Read about the winner and shortlisted entries for this year’s Architectural Practice of the Year award
Winner: HLM Architects
HLM launched its Thoughtful Design Toolkit this year, a digital suite designed to ensure that the vision of a given project is delivered from briefing to completion. A range of the toolkit’s assets use data to advance HLM’s understanding of what people want and need from the built environment so that designers know their proposals will deliver what building users require. The tools also help clients make better-informed decisions about targeting their investment. On the staffing front, the practice has an agile-working approach including nine-day fortnights, while its recently launched apprenticeship programme sees its first apprentice graduating this year. Schemes completed during the year include Ysgol Pen Rhos, a £10m new-build school in Llanelli, south Wales, which used timber frame construction and was a winner at the RICS Social Impact Awards.
This year saw the completion of three of Assael Architecture’s build-to-rent projects, including the 249-home scheme at Union Wharf in south-east London, while work continues on other developments. The London-based Assael, which became an employee-owned trust at the beginning of this year, worked tirelessly to engage with staff during the lockdown through online consultations, ensuring home-based staff had the technology they needed, as well as regular checks to ensure everyone was coping, both physically and mentally. The firm is also proud of its long-lasting client relationships and boasts 80% repeat business, including with Connected Living London and The Collective. It was also part of a RIBA research group that published a social value toolkit in July 2020, aiming to measure direct benefits to residents’ and communities’ lives.
Buckley Gray Yeoman
Ensuring that its staff were being looked after during the lockdown, BGY also offered covid-related design services and in two cases established a retainer approach, where staff work directly for clients to provide critical space planning and fit-out work to make offices covid-secure. The practice transitioned to an employee ownership trust last year and says this has provided a less hierarchical company structure, encouraging active involvement for all its employees and a more comprehensive continuous career development programme. This year has seen the introduction of wellness policies to support employee wellbeing; these include group life cover and income protection plans and an employee assistance programme. Notable schemes completed in the last 12 months include Fred Perry’s flagship store in New York City and 77 Coleman, a 113,000ft² office, retail and leisure redevelopment in the City of London.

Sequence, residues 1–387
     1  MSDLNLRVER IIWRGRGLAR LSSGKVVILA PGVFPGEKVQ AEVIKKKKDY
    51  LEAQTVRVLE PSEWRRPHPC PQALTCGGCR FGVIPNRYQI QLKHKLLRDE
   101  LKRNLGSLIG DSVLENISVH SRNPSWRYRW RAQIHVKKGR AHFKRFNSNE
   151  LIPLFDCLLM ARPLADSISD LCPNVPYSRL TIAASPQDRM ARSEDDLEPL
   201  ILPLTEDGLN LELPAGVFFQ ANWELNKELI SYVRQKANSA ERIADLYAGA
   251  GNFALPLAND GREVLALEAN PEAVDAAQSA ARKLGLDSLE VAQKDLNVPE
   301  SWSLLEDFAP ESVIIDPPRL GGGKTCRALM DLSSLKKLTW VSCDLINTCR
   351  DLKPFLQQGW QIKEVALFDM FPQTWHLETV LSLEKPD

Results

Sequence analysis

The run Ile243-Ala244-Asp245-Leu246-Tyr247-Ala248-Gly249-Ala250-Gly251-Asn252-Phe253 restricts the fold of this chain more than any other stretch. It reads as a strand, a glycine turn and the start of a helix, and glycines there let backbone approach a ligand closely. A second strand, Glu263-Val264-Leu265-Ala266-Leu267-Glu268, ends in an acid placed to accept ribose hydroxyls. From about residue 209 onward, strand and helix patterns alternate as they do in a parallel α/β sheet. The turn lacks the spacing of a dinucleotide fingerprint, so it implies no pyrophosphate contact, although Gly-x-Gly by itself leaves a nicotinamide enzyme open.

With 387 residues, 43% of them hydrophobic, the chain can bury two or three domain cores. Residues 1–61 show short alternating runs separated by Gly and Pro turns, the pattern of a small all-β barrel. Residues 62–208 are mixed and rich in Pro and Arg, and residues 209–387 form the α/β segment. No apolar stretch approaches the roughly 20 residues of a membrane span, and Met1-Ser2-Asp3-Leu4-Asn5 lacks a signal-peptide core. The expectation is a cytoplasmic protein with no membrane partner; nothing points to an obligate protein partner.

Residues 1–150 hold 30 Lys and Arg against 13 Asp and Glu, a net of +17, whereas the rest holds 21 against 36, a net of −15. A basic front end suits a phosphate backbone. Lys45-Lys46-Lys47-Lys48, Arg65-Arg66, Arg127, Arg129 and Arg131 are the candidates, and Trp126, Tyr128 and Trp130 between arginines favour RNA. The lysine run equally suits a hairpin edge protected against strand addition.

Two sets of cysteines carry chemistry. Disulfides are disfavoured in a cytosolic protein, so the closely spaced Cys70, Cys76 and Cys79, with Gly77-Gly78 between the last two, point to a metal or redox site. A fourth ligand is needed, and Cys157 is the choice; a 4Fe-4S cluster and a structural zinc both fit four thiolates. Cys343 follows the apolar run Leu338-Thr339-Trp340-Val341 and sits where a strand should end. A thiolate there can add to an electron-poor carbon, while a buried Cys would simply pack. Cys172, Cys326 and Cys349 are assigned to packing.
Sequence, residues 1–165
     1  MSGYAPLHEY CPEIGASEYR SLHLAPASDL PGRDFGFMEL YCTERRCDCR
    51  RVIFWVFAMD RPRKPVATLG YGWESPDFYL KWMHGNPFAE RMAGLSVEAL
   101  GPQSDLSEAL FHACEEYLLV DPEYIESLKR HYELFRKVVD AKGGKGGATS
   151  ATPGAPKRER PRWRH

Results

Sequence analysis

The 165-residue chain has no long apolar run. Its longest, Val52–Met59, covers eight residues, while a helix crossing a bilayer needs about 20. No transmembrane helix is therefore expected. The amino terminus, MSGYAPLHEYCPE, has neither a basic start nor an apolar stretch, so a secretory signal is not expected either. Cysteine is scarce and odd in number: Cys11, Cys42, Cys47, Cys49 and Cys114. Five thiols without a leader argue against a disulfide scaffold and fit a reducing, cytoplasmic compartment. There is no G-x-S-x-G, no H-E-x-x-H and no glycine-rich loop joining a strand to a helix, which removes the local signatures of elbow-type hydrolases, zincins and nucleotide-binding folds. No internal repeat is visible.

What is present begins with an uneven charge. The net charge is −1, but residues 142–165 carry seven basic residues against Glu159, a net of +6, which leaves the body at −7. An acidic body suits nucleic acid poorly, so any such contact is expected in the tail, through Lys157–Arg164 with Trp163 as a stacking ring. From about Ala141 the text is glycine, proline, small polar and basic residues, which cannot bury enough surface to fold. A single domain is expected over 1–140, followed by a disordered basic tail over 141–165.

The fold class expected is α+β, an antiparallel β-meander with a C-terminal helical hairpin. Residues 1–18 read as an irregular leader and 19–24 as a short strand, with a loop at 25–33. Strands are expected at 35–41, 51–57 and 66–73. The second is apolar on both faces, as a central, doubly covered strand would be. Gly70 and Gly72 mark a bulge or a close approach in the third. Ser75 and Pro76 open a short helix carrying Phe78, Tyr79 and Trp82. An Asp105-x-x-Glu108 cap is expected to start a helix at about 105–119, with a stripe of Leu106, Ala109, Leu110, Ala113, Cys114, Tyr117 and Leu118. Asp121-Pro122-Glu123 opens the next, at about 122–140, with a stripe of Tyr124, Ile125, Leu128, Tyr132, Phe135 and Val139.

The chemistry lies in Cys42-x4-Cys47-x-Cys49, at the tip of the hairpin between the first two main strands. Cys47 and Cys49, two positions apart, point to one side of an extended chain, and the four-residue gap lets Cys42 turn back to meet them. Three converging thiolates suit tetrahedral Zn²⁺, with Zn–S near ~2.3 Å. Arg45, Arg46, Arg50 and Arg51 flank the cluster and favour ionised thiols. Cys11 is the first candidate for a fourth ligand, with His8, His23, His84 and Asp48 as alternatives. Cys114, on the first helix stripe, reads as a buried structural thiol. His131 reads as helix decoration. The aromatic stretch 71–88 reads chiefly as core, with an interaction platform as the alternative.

During 2019/20 Ryder worked on more than 50 projects across the globe, covering healthcare, education, leisure, civic, office and residential. As part of the firm’s stakeholder engagement commitment it begins every project by listening to a client’s exact requirements and examines the space required, how it will be used and what it represents. Ryder then sets smart objectives that result from the feedback received through this process. When covid hit the sector Ryder’s first response was self-preservation. But it soon realised the pandemic was an opportunity to do good beyond the secure confines of its practice and be a catalyst for supporting both the industry and society. Socially responsible business practices are interwoven into each project, with a goal to generate a social value equivalent of 2% of annual turnover, with a focus on education and learning.
TODD Architects has now grown to 80 staff, with offices in Belfast, London and Dublin and a new office just opening in Manchester. The practice has invested heavily in new technology – BIM in particular – to enhance its service offer, notably to tier 1 and tier 2 UK contractors. Covid-19 has seen the firm embrace home-working, putting in place hardware and software to make sure everyone can work effectively remotely. In the past year TODD has introduced the concept of a client relationship manager, whereby project directors organise informal quarterly meetings with clients to allow any issues or concerns to be identified and addressed. Recent project wins include the two foremost health trusts in Northern Ireland, securing positions as lead framework partner for each.